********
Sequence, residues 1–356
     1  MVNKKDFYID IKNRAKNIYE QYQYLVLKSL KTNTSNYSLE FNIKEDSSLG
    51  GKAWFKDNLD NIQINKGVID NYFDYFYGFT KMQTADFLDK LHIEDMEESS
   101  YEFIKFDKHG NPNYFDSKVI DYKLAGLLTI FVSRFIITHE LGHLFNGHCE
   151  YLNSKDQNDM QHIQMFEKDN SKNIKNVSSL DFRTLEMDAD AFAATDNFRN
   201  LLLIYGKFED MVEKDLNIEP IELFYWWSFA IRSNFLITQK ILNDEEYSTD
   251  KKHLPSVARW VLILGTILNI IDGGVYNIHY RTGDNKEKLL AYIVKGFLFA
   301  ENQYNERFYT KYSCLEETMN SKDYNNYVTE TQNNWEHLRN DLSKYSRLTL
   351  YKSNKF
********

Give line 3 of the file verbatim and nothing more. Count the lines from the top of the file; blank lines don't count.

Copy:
    51  GKAWFKDNLD NIQINKGVID NYFDYFYGFT KMQTADFLDK LHIEDMEESS